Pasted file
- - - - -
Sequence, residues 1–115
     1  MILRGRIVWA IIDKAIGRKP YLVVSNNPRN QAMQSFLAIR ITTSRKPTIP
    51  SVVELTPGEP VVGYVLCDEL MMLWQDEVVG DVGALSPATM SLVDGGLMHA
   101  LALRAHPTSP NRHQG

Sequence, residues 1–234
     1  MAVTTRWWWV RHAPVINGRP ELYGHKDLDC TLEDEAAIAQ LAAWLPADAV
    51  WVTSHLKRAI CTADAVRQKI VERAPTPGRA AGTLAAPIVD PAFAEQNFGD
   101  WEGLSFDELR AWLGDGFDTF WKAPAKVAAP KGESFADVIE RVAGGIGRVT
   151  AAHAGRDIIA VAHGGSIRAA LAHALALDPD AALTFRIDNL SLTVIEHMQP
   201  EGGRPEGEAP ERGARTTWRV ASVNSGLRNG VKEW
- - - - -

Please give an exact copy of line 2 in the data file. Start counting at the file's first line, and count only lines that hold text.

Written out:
     1  MILRGRIVWA IIDKAIGRKP YLVVSNNPRN QAMQSFLAIR ITTSRKPTIP